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— Electronics

New transparent, flat, flexible image sensor has potential for gesture control displays

A research team from the Johannes Kepler University Linz in Austria has developed an image capturing device using a single sheet of polymer that is flat, flexible and transparent. The researchers say the new image sensor could eventually find its way into devices like digital cameras and medical scanners, and that it may help to usher in a new generation of gesture-controlled smartphones, tablets and TVs. Read More
— Electronics

New capacitor developed for brighter camera flashes on mobile devices

While stand-alone compact cameras are increasingly at risk of being made obsolete by smartphone cameras, they do still have their advantages. One of those advantages is the fact that, in most cases, their flashes are considerably more powerful. Smartphones may soon be catching up in that area, however, thanks to a new small-but-mighty capacitor paired with a dedicated xenon flash. Read More
— Science

Unlocking color mechanism of peacock’s feathers could lead to next-gen color displays

Structural color, which is the foundation that makes things like a peacock's tail feathers appear iridescent, has been an area of study for scientists as they try to adapt it for use in everyday technologies – only without the “rainbow effect” that makes the colors unstable depending on the angle of view. Now, Researchers at the University of Michigan have mimicked the peacock's color mechanism in an approach that could lead to high resolution reflective color displays and have implications for data storage, cryptography and counterfeiting. Read More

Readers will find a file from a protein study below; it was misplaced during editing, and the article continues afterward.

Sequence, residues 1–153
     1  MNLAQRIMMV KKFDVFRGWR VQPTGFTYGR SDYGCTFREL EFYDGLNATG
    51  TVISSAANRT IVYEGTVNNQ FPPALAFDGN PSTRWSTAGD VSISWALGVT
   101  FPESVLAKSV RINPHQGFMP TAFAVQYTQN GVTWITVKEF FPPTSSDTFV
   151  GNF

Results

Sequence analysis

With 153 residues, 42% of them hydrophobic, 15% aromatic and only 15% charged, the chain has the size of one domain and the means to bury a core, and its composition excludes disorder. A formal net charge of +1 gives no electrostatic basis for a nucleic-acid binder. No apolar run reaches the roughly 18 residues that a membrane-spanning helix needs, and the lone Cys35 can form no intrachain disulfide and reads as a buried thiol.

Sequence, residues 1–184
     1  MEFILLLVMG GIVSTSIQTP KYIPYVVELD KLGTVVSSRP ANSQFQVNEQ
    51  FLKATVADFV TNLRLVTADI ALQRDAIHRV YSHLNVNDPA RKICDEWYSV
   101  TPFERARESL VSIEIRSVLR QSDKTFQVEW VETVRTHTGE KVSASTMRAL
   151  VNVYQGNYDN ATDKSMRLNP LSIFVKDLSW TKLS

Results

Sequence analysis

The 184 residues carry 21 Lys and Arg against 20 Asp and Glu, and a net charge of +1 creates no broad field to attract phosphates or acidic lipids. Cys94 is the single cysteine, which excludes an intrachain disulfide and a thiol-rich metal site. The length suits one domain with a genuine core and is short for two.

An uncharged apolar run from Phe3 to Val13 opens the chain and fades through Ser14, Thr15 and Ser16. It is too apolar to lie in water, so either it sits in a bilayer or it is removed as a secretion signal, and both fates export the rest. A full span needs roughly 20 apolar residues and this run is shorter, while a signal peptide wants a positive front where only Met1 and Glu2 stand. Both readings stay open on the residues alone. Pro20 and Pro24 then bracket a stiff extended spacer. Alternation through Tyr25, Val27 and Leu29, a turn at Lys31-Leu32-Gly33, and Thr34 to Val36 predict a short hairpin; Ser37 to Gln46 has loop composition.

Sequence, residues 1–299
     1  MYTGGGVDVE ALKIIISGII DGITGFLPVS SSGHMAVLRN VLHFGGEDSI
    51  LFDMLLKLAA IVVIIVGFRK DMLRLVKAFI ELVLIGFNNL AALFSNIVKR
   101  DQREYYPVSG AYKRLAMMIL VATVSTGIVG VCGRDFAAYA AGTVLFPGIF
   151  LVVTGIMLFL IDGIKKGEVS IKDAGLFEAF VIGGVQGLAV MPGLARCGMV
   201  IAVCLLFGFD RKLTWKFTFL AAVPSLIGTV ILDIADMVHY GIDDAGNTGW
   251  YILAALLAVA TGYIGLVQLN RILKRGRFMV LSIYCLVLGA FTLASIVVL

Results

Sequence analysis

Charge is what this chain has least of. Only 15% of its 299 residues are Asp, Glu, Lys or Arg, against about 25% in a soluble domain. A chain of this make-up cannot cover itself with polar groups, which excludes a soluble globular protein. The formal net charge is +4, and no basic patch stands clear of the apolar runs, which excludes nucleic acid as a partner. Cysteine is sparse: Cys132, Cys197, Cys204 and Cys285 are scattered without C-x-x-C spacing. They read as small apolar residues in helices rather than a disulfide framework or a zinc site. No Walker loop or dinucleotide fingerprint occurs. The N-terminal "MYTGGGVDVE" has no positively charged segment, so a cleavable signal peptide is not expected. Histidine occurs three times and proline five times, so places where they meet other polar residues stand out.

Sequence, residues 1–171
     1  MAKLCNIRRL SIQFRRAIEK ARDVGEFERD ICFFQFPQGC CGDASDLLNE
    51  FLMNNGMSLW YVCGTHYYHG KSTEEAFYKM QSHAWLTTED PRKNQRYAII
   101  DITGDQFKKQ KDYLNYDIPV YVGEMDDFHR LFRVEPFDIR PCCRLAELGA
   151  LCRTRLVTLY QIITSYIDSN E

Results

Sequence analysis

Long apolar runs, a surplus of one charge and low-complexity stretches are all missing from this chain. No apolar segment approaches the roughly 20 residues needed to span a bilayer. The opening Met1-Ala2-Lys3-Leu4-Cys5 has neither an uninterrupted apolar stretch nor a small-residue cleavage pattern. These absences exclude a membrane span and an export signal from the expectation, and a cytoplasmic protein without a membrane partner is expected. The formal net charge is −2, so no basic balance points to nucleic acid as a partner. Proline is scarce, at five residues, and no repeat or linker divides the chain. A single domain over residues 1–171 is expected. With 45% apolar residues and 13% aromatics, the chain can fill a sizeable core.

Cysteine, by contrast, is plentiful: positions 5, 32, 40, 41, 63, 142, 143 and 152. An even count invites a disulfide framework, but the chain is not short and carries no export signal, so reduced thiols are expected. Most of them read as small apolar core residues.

— Space

Students calculate what hyperspace travel would actually look like

The two Star franchises (Wars and Trek) and countless science fiction movies have given generations of armchair space travelers an idea of what to expect when looking out the window of a spaceship making the jump to light speed. But it appears these views are – if you’ll excuse the pun – a bit warped. Four students from the University of Leicester have used Einstein’s theory of Special Relativity to calculate what Han and Chewie would actually see as they made the jump to hyperspace. Read More
— Electronics

"BITE ME" LED desk lamp makes a colorful end-of-life snack

When it comes to a light meal, Victor Vetterlein's "BITE ME" desk lamp has got you covered. The body of the brightly colored creation is made from bio-plastic that can be safely consumed at the end of its useful life. If eating lamps doesn't start your digestive juices flowing, the frame can also be thrown in the compost. Either way, the rather attractive electronics strip can be peeled away from the body and re-used elsewhere. Read More
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